The development and application of innovative lightweight construction materials and concepts is becoming increasingly important in many sectors of industry for commercial, environmental and functional reasons. 


The goal of the project was to build a bridge between existing concepts and bring together the advantages of existing material solutions. One solution that looked promising was the recently developed material group of aluminium foam composites, in particular aluminium/aluminium foam sandwiches (AFS). These composites unite the advantageous properties of both material concepts and allow for a purely metallic construction that has many benefits in terms of its production and use. 


The overall goal of the project was to develop a lightweight, self-supporting driver’s cab in a hybrid metal construction which met all the requirements in terms of crash behaviour, durability and fire protection for rail vehicles. Here, a particular focus point is developing a production technology for manufacturing a lightweight front module of this kind that is suitable for series production and also energy- and resource-efficient. 


MFPA Leipzig GmbH works as a network partner in the area of material research. 


Funding body: Sächsische AufbauBank 


Time frame: 01/11/2010–31/03/2014


Self-healing cracks

Self-healing cracks

Self-healing cracks

Investigations into the self-sealing of penetrating cracks in reinforced concrete constructions used in agriculture 


The research project involved experimental investigation into the self-healing behaviour of penetrating cracks in reinforced concrete constructions under the influence of liquid manure, slurry and silage effluent (MSE) in structures used for agricultural purposes. The experimental investigations were designed to test the self-healing behaviour of the reference fluids used at the time to model MSE fluids against the self-healing behaviour of real slurry. In addition, liquids with varying suspended particle content were tested and evaluated in order to experimentally validate the use of the MSE reference fluids in respect of self-sealing properties. A further key element of the project was the provision of reliable test results in order to assess the quantities of escaping fluid to be expected and the maximum fracture width.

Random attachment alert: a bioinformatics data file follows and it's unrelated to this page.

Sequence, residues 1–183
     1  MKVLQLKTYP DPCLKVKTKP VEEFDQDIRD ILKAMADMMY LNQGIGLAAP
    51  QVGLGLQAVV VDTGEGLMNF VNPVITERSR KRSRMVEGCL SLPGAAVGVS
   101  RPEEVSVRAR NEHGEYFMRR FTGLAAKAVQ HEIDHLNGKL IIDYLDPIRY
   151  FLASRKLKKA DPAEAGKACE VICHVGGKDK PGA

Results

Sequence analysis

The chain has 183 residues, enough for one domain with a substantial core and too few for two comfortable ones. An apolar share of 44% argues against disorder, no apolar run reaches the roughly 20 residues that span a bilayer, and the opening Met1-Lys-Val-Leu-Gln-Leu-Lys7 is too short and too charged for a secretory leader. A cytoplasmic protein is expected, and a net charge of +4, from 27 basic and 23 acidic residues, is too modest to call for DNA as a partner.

Funding body: Ministry for Agriculture, the Environment and Consumer Protection, Mecklenburg-Vorpommern 


Time frame: 01/03/2013–31/05/2013


Innovation assistant

Innovation assistant

Innovation assistant

Realistic numerical calculation methods for predicting the behaviour of structures and fluids 


The project involved creating, verifying and validating constitutive models to produce numerical calculations that are as realistic as possible for predicting the behaviour of structures (component behaviour) and fluids (propagation of smoke, propagation of temperature). 


These engineering programs cannot be used to forecast real component behaviour – as opposed to standardised behaviour –, and in particular, they cannot be used to forecast the failure of load-bearing structures. Instead, this real load-bearing behaviour is determined by means of experimental testing, which forms part of the service portfolio provided by MFPA Leipzig GmbH. If the numerical simulation is intended to provide scientific support for this testing, it is the real and not the standardised structural behaviour that must be modelled. 


One subgoal of the project was therefore that the material models (which are published in relevant journals and are absolutely essential for the numerical calculations) should be implemented into the in-house FEM program used at MFPA Leipzig GmbH. This program has no encrypted program sections and thereby offers the full range of monitoring and control options for numerical simulations, making it suitable for long-term development. A further subgoal was the preparation of special solutions on the basis of CFD programs (CFD = computational fluid dynamics) for calculations in fluid mechanics issues, in particular in the field of fire protection. 


Funding body: Sächsische AufbauBank 


Time frame: 01/03/2012–28/02/2015


Energy generation

Energy generation

Energy generation

Development of mineral-based materials for storing heat during the daytime as a buffer for use with sol


The goal of the “Energy Revolution”, the transition from nuclear and fossil fuels to sustainable energy sources, is to be achieved by improving the energy efficiency in homes and in industry, and by increasing the use of renewable energy sources.  


The goal of the research project, run jointly by MFPA Leipzig GmbH and the Institute for Mineralogy, Crystallography and Materials Science at Leipzig University, was to develop a mineral-based material which can withstand the very high temperatures that occur periodically during charging and discharging and the – local – very rapid changes in temperature, without damage, sustainably and for the long term, while also demonstrating good properties as an accumulator.


The research project was part-funded by the Nagelschneider Foundation. 


Funding body: Nagelschneider Foundation


Time frame: 01/05/2012–30/04/2014


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Division Manager
Dr.-Ing.
Susanne Reichel